A Duke University PhD student died in the massive earthquake that hit Turkey and Syria, according to Duke University officials.
Samar Zora was in Turkey doing research for her PhD in Cultural Anthropology. When, Saad Zora learned of the 7.8 magnitude earthquake he tried to contact his twin sister.
“You hear there’s an earthquake, no messages are going through, you assume the worst, but then there’s an ounce of hope left, you know, you wanna be proven wrong, so I wanted to go and find out that I was wrong,” Saad Zora said.
Saad Zora did what he could from his home in Canada, including contacting Canadian government officials and confirming his sister’s building collapsed through a stranger over a messaging app. After a few days, he decided to fly to Antakya, Turkey.
“I mean it’s family, and I truly believe that if we didn’t go, she’d be buried in the mass graves there with hundreds and hundreds of unclaimed bodies,” he said.
Samar and Saad Zora’s brother, Muthana Zora, came in from Kuwait. Summer Steenberg, who is in the same Duke PhD program as Zora, flew in from Iraq, where she was doing research.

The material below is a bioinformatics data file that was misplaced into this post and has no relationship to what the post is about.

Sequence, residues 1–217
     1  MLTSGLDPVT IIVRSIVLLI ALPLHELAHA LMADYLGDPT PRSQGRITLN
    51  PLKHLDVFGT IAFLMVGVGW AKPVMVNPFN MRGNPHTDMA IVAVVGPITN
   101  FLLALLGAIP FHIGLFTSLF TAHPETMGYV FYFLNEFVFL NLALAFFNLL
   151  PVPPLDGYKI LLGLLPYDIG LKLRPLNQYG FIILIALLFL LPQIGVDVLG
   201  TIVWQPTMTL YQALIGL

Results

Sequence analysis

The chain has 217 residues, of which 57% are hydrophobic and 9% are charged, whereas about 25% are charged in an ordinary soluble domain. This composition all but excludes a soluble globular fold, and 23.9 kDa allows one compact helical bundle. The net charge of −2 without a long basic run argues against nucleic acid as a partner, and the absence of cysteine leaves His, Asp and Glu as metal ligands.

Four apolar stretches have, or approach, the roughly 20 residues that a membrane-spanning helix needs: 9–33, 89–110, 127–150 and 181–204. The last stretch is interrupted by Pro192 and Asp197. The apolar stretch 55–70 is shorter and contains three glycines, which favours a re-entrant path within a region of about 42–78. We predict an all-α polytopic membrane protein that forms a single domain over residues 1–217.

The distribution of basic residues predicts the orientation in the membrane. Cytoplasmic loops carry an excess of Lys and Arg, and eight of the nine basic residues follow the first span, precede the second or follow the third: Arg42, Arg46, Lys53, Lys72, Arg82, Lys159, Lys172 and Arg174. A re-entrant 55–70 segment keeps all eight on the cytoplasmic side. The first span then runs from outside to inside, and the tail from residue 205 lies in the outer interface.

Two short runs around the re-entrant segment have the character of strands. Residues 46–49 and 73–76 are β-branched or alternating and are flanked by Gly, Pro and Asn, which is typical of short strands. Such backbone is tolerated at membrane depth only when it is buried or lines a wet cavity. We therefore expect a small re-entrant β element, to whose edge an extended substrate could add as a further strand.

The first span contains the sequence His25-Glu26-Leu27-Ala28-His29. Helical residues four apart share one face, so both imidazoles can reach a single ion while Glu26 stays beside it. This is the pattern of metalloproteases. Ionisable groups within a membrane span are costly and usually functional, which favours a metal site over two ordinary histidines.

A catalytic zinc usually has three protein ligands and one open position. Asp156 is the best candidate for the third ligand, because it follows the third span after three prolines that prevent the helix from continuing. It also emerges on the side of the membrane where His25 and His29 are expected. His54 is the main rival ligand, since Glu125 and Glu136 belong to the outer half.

“She was incredibly smart, incredibly ridiculously smart,” Steenberg said.
For about a week they worked with rescue teams on the ground. Because of the scale of the disaster, Steenberg described the search and rescue efforts as chaotic. She credits the two brothers with pushing rescuers to look for Samar Zora.
“These two were the ones who were like pulling people aside to have them look at the buildings and the ones like insisting on no we want you to come back here and look,” Steenberg said.
Saad Zora said the five days it took from his arrival to his sister being recovered were horrific.
“It was a devastating five days, each day felt like multiple,” he said.
From food to blankets, the two are grateful for the hospitality of strangers on the ground who were searching for loved ones of their own.
“The story here is times tens of thousands,” Saad Zora said. “There’s people who buried their whole family.”
They are also grateful for international rescue teams, specifically thanking Hungary and South Korea. While those rescuers didn’t prove Saad Zora wrong, they did allow him to bring his sister home.
“I wanted to be proven wrong and unfortunately this is the situation, but at the same time it was like we could finally stop this search,” Saad Zora said. “I hate to use the phrase ‘it brought us peace’, but it did put us at rest for now, you know, now we’re dealing with grieving.”
The family was able to bury Samar Zora in Kuwait, where she was born.
Saad Zora thanked Kuwaiti officials for handling the logistics of bringing her back home, that happened within 24 hours of her being discovered.
They’re now raising money to try and help with relief efforts for Hatay, which is something Saad Zora said his sister would have wanted. That GoFundMe is here.
There is also a GoFundMe to help the family with funeral expenses.
Zora said his sister was nearly finished with her research and was set to begin writing her dissertation in July. She was 33 years old.